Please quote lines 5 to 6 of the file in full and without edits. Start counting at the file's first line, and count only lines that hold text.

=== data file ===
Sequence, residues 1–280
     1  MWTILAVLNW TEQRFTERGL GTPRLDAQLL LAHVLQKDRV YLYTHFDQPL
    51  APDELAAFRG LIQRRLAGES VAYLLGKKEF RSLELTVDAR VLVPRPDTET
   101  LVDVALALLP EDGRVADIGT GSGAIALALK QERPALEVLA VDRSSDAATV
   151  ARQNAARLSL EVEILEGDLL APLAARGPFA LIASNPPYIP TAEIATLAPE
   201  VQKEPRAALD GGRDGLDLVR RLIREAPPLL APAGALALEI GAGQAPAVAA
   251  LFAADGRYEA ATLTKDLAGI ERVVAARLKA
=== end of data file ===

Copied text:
   151  ARQNAARLSL EVEILEGDLL APLAARGPFA LIASNPPYIP TAEIATLAPE
   201  VQKEPRAALD GGRDGLDLVR RLIREAPPLL APAGALALEI GAGQAPAVAA